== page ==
This worksheet is again about White Bear Lake and its shrinkage. This time, though, it's all about visualizing data. Data about surface elevation and surface area from the Minnesota DNR is again presented in the worksheet, and students are asked to graph it two ways. Which way is better for presenting the information?
I want to provoke an argument here! Getting students to argue in a constructive and respectful way is a great tool for pushing critical thinking and reasoning, as well as practicing language skills. Here, students need to think about the meaning of the information they're trying to present and then argue for which graphical representation is most effective. If I were teaching this in eighth grade I'd get students to write a news article about White Bear Lake, using mathematics and their own research!
White Bear Lake: Graphing surface area
The worksheet up today is a short one-pager about rate of change. It's technically not using any calculus, but it asks students to compare rates of changes and draw conclusions about the shape of White Bear Lake.
Using some data from a 1998 Minnesota DNR report about surface area and elevation, the worksheet asks students to compute average rate of change of surface acreage for elevations 903 and 913 feet above sea level and then for elevations 925 and 926.5 feet above sea level. Change of acreage is really dramatically different for these elevation ranges: you can really see how shallow the shoreline of White Bear Lake is, and how much effect simply losing one foot of water surface elevation has. No wonder the current drop is so noticeable!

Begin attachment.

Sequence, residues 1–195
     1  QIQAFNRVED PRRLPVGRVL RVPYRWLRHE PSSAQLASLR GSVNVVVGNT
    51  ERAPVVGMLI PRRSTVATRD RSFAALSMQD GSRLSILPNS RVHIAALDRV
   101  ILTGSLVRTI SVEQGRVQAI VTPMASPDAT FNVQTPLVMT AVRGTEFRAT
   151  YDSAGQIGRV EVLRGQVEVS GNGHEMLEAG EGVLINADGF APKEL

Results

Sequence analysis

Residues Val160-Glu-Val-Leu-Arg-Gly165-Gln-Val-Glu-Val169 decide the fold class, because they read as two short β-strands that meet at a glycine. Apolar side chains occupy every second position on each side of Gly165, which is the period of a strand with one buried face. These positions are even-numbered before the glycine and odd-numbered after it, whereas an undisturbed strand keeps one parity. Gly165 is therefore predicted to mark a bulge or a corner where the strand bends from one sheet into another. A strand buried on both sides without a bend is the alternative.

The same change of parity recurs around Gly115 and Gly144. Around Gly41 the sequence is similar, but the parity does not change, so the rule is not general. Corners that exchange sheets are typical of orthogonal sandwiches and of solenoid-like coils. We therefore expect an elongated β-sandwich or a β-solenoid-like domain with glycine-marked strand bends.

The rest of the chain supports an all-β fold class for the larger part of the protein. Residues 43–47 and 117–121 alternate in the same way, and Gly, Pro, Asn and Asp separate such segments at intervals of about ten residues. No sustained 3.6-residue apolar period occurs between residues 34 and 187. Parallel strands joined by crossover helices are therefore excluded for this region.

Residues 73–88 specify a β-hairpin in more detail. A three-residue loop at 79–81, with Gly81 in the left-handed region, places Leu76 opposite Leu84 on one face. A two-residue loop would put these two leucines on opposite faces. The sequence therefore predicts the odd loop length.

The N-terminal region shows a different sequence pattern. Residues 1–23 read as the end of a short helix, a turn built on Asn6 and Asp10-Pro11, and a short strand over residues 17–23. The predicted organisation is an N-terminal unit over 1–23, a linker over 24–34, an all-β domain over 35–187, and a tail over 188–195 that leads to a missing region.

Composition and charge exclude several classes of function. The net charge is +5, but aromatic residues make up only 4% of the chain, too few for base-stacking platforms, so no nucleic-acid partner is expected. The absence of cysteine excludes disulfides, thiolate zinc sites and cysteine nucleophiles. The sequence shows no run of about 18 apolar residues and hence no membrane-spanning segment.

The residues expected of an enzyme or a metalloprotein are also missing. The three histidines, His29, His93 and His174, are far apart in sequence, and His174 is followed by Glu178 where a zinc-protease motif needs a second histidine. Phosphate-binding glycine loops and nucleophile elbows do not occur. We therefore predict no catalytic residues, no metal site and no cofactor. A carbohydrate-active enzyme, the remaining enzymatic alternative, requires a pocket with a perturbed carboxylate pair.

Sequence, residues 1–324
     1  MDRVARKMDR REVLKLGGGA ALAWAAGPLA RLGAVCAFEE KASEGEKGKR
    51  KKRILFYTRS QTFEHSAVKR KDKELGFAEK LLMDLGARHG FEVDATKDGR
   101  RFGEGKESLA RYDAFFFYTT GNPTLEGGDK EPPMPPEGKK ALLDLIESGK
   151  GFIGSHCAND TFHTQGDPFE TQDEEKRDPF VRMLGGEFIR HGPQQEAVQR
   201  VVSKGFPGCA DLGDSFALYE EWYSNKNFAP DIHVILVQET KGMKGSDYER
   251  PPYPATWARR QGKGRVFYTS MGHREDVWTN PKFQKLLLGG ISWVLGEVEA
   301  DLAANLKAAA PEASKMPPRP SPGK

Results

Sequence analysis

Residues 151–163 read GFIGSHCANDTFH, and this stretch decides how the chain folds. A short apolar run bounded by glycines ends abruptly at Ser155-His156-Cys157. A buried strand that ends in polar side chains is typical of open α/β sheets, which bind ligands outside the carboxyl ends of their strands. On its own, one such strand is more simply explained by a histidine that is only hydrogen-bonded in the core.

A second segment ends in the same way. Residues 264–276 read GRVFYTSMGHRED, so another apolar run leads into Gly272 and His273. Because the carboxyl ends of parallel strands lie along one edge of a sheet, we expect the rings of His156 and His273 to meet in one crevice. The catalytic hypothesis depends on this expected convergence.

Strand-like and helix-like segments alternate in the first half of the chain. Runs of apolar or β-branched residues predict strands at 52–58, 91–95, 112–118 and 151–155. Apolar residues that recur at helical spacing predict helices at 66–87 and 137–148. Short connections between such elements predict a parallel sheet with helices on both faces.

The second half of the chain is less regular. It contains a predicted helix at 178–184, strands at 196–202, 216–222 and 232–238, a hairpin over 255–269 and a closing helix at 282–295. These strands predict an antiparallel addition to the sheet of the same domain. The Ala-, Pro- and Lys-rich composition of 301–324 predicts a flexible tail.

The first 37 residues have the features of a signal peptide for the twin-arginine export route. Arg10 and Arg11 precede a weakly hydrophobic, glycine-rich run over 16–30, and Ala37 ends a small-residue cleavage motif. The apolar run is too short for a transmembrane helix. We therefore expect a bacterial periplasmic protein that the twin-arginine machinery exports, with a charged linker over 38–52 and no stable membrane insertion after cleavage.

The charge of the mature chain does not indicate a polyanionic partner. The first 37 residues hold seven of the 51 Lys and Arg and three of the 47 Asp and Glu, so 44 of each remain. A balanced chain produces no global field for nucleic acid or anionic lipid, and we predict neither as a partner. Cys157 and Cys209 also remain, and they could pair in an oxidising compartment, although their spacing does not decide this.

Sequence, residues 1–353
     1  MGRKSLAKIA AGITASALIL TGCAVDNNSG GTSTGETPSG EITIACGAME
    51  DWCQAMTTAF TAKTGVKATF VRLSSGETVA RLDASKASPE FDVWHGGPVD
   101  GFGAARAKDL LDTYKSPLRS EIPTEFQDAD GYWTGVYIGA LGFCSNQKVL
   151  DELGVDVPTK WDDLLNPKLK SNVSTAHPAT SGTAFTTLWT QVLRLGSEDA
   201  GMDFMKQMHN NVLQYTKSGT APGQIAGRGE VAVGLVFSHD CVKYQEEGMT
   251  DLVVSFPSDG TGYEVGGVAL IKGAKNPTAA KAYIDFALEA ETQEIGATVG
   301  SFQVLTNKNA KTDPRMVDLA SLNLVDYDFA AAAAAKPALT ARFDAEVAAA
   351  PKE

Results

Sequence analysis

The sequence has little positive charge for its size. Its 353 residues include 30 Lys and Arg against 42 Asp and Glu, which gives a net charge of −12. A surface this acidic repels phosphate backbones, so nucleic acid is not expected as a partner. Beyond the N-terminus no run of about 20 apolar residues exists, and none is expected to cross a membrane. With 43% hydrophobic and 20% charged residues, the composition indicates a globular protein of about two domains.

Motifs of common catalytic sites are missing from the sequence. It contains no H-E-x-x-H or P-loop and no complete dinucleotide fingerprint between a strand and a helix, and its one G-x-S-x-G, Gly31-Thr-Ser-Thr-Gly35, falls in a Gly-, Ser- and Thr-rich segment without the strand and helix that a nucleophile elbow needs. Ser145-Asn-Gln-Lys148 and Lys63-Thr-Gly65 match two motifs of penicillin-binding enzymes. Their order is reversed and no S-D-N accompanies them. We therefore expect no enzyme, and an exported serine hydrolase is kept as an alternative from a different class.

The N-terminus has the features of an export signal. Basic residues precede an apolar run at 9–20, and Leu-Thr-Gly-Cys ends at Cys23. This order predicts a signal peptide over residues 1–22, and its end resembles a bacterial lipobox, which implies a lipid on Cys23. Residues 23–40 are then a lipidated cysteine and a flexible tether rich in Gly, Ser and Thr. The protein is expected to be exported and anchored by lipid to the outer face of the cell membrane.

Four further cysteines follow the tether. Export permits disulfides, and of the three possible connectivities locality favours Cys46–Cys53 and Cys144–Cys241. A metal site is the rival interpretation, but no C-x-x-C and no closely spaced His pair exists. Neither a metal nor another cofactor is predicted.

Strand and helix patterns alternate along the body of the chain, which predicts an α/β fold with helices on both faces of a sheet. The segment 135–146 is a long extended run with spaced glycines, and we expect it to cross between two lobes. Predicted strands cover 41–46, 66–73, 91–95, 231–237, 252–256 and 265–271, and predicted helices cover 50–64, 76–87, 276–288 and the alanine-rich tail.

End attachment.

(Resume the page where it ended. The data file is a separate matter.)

White Bear Lake: Rate of Change
I have some more ideas for White Bear Lake worksheets, so we'll see what happens. I'm thinking about
- modeling surface area vs elevation using a spreadsheet
- numerical integration to calculate volume of the lake
- graphing: what's the best way to convey mathematical information?
White Bear Lake has been in the news a lot recently: Minnesota Public Radio is doing a big project about our dropping groundwater levels, for instance. And now that the holidays are over (Happy New Year all!) I've got the first pass worksheet for exploring White Bear Lake mathematically. No calculus yet, just an exploration of the area and volume of the lake. On average, White Bear Lake is pretty shallow. I think that's one reason the drop is so noticeable, especially on the western shore of the lake. In the worksheet students can find out just how shallow WBL is and also deal with big numbers.
As a teacher, I think this is an appropriate worksheet for a class that's dealing with big numbers (scientific notation would be great here!) and units.
- Scientific notation!
- Changing units.
- Average depth from knowledge volume and area.
Precalc: Volume And Average Depth
If you've got suggestions for improving the worksheet, let me know! And check out my email subscription list on the side -- I will email you about the EarthCalculus book I'm putting together right now....